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Xbox booth at PAX West 2016

As part of its quarterly earnings report last week, Microsoft said Xbox Live monthly active users reached 47 million — up 21 percent from the same quarter last year. “Our highly engaged Xbox Live fan base continues to grow across Windows 10, iOS and Android,” Microsoft CEO Satya Nadella told analysts and investors on the company’s earnings conference call.

That’s true, when comparing the result to the previous year. But a closer look at the numbers shows that Xbox Live usage actually declined by 2 million users sequentially — from 49 million users in the June quarter of this year to 47 million in the September quarter. That contrasts with an increase of 2 million Xbox Live active users, from 37 million to 39 million, between the June and September quarters of 2015.
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So what’s going on? First of all, Xbox Live usage varies throughout the year based on factors including new console sales and the release of blockbuster games that leverage the Xbox Live multiplayer system.

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Halo 5: Guardians debuted in October 2015

Given the inherent seasonality of the games business, Microsoft says year-over-year comparisons are a more accurate way to measure results, rather than month-over-month or quarter-over-quarter. (Microsoft defines Xbox Live monthly active users as users, paying or non-paying, who have signed on to Xbox Live in the past month across any device.)

Michael Pachter, a video game analyst with Wedbush Securities, said it’s too early to draw conclusions based on the available data. “It’s just a seasonal thing, they haven’t reported this consistently nor long enough to figure out seasonality,” he said via email. “There were more big games last year than this year in the summer months.”

But the real test is about to begin. The holidays are the critical season for the video game industry. Microsoft set a high bar last year, reporting a year-over-year increase of 28 percent in Xbox Live active users for the December quarter of 2015 — up 9 million users from the same period a year earlier.

That resulted in part from the release of “Halo 5: Guardians” in October 2015, the latest installment in Microsoft’s blockbuster game franchise. This quarter, Xbox Live should benefit from big games such as “Gears of War 4 and “Titanfall 2,” but without a big new Halo game for the holidays, it could be challenging for Microsoft to match last year’s big gain.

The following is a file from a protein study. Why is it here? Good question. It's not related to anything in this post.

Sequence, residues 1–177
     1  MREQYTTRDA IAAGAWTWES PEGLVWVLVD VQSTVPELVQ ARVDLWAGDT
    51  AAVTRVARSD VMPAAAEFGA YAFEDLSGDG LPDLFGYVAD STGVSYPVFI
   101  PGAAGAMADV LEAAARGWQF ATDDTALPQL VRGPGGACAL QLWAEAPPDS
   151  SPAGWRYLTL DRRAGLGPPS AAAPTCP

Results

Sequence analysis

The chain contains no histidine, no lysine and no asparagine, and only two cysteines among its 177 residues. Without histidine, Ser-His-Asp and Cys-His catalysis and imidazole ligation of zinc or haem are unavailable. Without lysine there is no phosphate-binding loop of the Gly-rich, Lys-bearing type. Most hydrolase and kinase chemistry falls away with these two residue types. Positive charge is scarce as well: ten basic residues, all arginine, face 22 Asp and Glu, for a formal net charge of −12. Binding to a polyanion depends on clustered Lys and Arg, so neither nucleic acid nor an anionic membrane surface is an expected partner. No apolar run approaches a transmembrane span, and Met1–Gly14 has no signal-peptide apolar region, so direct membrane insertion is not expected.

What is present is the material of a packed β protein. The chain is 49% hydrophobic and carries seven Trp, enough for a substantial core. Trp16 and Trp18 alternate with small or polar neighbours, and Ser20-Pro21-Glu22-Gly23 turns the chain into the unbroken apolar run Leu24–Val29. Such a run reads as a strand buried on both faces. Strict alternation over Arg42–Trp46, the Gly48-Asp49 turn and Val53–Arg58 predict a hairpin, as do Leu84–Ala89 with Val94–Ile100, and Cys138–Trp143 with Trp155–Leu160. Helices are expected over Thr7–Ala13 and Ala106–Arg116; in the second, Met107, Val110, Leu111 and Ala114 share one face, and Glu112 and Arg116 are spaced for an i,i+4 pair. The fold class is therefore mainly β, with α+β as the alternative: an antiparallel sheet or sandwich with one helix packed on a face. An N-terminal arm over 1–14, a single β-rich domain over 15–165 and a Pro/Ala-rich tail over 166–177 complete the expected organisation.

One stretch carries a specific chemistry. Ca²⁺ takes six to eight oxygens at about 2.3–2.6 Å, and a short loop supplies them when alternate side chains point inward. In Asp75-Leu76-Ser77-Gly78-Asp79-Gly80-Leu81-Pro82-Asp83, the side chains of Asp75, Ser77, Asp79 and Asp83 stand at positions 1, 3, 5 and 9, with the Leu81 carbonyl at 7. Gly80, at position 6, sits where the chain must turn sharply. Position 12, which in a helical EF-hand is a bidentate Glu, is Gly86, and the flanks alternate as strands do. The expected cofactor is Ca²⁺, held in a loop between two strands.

Another factor will be holiday sales of new Xbox One consoles, as users unwrap their gifts and log on to Xbox Live. On that front, the Xbox One ousted Sony’s Playstation 4 to lead U.S. console sales over the past three months — a battle that Sony has typically won over the past two years.

Microsoft’s U.S. console sales spike is due in part the Xbox One S, which went on sale in August, helping Microsoft recover from its early Xbox One struggles.

However, as part of its latest earnings report, Microsoft said overall gaming revenue dropped by 5 percent to $2.1 billion, compared to the prior year, citing lower console prices and fewer units sold. Microsoft CFO Amy Hood said the company expects gaming revenue to drop again this quarter, for the same reasons. But she added that Microsoft expects “continued active engagement growth on our gaming platform given the holiday season.”

Sony, meanwhile, reported 60 million active PlayStation users as of June, with around one third paying for a PlayStation Plus subscription.

Satya Nadella speaks at Microsoft Ignite 2016 (GeekWire Photo/Kevin Lisota)
Satya Nadella speaks at Microsoft Ignite 2016 (GeekWire Photo/Kevin Lisota)

Xbox is a big business for Microsoft from a financial perspective. Gaming revenue made up around 10 percent of the company’s $22.3 billion in total revenue in the recent quarter.

But Nadella points out that Xbox contributes to the company in other ways, as well. The Microsoft CEO talked about Xbox when asked about Microsoft’s brand image this week. He described a photo that Microsoft employees use internally for motivation: Someone walking out of a store with an Xbox console, hugging it. “To me, that’s a fan of Xbox,” Nadella said.

Asked if it bothers him that Microsoft’s brand isn’t as well-known to younger consumers as Apple, Facebook, Google, or Amazon might be, Nadella pointed to two platforms within Microsoft.

“They’ll know Minecraft; they’ll know Xbox,” he said. “To me, having a set of brands and set of products for that demographic and especially kids and college students — it’s super important to us.”

Related: Microsoft takes on Amazon-owned Twitch with new game streaming tech for Windows 10, Xbox One

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